Format

Send to

Choose Destination
Circulation. 2019 Apr 23;139(17):2003-2011. doi: 10.1161/CIRCULATIONAHA.118.037487.

Elevated Plasma Ceramides Are Associated With Antiretroviral Therapy Use and Progression of Carotid Artery Atherosclerosis in HIV Infection.

Author information

1
Department of Epidemiology and Population Health, Albert Einstein College of Medicine, Bronx, NY (W.Z., X.W., D.B.H., T.W., K.A., R.C.K.).
2
Department of Obstetrics and Gynecology, Peking University First Hospital, Beijing, China (X.W.).
3
Broad Institute of MIT and Harvard, Cambridge, MA (A.A.D., C.B.C.).
4
Department of Epidemiology (S.A.H.), Johns Hopkins University, Baltimore, MD.
5
Division of Cardiology, Department of Medicine, Northwestern University Feinberg School of Medicine, Chicago, IL (S.J.S.).
6
Department of Neurology, State University of New York-Downstate Medical Center, Brooklyn (J.M.L., D.G.).
7
Atherosclerosis Research Unit, Keck School of Medicine, University of Southern California, Los Angeles (H.N.H.).
8
Department of Microbial Pathogens and Immunity, Rush University Medical Center, Chicago, IL (A.L.L.).
9
Department of Epidemiology, Human Genetics, and Environmental Sciences, School of Public Health, the University of Texas Health Science Center, Houston (B.Y.).
10
Division of Cardiology, Department of Medicine (W.S.P.), Johns Hopkins University, Baltimore, MD.
11
Public Health Sciences Division, Fred Hutchinson Cancer Research Center, Seattle, WA (R.C.K.).

Abstract

BACKGROUND:

Ceramides have been implicated in the pathophysiology of HIV infection and cardiovascular disease. However, no study, to our knowledge, has evaluated circulating ceramide levels in association with subclinical cardiovascular disease risk among HIV-infected individuals.

METHODS:

Plasma levels of 4 ceramide species (C16:0, C22:0, C24:0, and C24:1) were measured among 398 women (73% HIV+) and 339 men (68% HIV+) without carotid artery plaques at baseline from the Women's Interagency HIV Study and the Multicenter AIDS Cohort Study. We examined associations between baseline plasma ceramides and risk of carotid artery plaque formation, assessed by repeated B-mode carotid artery ultrasound imaging over a median 7-year follow-up.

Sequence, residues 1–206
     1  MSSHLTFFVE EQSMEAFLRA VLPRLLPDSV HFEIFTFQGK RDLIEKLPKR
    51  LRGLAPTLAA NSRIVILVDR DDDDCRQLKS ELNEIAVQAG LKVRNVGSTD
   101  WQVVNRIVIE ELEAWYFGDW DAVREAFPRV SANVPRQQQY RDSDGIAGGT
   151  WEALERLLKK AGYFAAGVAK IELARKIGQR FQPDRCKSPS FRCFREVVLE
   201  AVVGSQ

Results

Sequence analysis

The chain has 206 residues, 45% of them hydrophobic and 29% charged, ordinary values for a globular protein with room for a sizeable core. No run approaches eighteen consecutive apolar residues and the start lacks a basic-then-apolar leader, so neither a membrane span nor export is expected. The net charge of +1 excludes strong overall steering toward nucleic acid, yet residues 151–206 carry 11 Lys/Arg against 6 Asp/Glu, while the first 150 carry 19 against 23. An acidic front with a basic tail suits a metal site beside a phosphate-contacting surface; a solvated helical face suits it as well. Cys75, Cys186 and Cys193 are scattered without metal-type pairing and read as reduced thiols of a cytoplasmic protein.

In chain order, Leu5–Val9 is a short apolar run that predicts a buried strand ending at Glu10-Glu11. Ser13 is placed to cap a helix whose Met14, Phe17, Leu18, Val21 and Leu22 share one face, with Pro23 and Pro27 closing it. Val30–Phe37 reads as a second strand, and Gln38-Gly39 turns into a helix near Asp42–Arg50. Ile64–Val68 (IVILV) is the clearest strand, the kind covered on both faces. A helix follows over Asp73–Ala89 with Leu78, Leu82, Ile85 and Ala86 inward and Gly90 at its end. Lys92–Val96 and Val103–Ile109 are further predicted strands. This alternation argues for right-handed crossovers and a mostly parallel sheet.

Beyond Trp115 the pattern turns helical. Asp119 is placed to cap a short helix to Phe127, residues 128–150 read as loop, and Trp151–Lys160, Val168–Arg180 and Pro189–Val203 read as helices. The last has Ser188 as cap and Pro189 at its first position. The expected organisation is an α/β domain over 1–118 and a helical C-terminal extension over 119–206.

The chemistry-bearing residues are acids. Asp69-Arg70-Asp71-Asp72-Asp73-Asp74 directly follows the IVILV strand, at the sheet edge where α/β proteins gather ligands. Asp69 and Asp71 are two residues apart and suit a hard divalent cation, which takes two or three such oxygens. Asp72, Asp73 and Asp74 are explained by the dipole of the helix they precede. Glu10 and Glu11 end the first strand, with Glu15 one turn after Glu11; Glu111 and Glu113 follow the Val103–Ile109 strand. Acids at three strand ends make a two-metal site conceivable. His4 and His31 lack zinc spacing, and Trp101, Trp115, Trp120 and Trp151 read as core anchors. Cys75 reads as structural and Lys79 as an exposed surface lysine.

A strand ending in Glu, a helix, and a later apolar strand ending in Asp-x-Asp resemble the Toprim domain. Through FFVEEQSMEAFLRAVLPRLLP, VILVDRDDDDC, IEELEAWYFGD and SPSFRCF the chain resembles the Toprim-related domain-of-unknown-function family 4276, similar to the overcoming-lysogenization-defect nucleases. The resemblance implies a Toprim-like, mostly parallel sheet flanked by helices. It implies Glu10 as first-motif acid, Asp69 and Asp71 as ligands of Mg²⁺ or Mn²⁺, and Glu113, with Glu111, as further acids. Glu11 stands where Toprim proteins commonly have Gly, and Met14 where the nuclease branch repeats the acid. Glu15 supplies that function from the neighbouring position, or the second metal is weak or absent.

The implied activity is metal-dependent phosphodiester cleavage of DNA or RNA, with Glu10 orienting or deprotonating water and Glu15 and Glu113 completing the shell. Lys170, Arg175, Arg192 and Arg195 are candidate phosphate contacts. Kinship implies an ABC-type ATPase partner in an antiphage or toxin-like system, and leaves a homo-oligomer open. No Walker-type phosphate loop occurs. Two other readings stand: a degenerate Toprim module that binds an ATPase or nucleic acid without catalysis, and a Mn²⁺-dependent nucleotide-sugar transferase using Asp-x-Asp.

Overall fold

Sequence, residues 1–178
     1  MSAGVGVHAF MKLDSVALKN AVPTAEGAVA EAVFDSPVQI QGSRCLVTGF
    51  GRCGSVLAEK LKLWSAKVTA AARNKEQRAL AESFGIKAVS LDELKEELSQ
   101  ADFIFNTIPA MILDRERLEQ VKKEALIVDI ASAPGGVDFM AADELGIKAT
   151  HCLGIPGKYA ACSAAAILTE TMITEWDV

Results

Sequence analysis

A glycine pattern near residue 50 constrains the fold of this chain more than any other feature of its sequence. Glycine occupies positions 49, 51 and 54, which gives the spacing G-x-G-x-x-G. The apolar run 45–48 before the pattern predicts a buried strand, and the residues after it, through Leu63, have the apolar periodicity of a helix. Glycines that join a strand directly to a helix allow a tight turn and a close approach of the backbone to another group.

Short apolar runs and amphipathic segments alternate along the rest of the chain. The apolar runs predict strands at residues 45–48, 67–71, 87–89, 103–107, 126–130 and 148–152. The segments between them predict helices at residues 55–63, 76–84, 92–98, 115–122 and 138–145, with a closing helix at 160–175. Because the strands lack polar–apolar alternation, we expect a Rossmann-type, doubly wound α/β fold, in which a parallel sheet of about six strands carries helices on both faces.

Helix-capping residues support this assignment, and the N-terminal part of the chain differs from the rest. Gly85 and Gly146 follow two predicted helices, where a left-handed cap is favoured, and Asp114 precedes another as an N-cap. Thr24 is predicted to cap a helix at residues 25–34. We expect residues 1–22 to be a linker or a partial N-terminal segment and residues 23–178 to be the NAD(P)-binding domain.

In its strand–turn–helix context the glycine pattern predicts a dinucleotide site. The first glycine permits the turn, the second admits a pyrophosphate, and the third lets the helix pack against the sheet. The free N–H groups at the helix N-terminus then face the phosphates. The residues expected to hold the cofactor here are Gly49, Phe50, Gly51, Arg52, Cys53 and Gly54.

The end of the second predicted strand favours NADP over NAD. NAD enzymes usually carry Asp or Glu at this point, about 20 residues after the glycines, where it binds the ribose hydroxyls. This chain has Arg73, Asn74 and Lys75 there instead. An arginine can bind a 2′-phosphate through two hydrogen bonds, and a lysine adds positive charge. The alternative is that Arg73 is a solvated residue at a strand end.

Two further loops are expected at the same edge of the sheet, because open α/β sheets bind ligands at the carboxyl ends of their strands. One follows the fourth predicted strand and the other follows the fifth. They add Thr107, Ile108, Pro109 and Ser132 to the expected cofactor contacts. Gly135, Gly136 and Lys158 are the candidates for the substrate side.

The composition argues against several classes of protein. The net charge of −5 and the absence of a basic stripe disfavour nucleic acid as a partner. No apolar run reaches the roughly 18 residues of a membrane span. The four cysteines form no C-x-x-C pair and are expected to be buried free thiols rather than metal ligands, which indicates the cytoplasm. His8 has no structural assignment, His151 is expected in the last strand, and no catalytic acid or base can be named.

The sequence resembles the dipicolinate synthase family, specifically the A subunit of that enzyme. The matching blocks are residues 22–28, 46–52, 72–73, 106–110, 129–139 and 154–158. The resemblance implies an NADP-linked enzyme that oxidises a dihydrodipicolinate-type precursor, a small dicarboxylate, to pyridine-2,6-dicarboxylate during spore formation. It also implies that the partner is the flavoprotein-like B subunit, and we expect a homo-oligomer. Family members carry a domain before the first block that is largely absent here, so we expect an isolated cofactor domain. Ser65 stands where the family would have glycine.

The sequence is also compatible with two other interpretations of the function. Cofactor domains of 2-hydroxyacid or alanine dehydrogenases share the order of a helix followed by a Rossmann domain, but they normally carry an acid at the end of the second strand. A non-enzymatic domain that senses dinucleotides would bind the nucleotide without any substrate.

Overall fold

RESULTS:

Plasma levels of C16:0, C22:0, and C24:1 ceramides were significantly higher in HIV-infected individuals compared with those without HIV infection (all P<0.001), and further analysis indicated that elevated ceramide levels were associated with antiretroviral therapy use, particularly protease inhibitor use, in HIV-infected individuals (all P<0.001). All 4 ceramides were highly correlated with each other ( r=0.70-0.94; all P<0.001) and significantly correlated with total-cholesterol ( r=0.42-0.58; all P<0.001) and low-density lipoprotein cholesterol ( r=0.24-0.42; all P<0.001) levels. Of note, C16:0 and C24:1 ceramides, rather than C22:0 and C24:0 ceramides, were more closely correlated with specific monocyte activation and inflammation markers (eg, r=0.30 between C16:0 ceramide and soluble CD14; P<0.001) and surface markers of CD4+ T-cell activation. A total of 112 participants developed carotid artery plaques over 7 years, and higher levels of C16:0 and C24:1 ceramides were significantly associated with increased risk of carotid artery plaques (relative risk [95% CI]=1.55 [1.29, 1.86] and 1.51 [1.26, 1.82] per standard deviation increment, respectively; both P<0.001), after adjusting for demographic and behavioral factors. After further adjustment for cardiovascular disease risk factors and immune activation markers, these associations were attenuated but remained significant. The results were consistent between men and women and between HIV-infected and HIV-uninfected participants.

CONCLUSIONS:

In 2 HIV cohorts, elevated plasma levels of C16:0 and C24:1 ceramides, correlating with immune activation and inflammation, were associated with antiretroviral therapy use and progression of carotid artery atherosclerosis.

KEYWORDS:

HIV infections; association; atherosclerosis; lipids

PMID:
30759995
PMCID:
PMC6478519
[Available on 2020-04-23]
DOI:
10.1161/CIRCULATIONAHA.118.037487

Supplemental Content

Full text links

Icon for Atypon
Loading ...
Support Center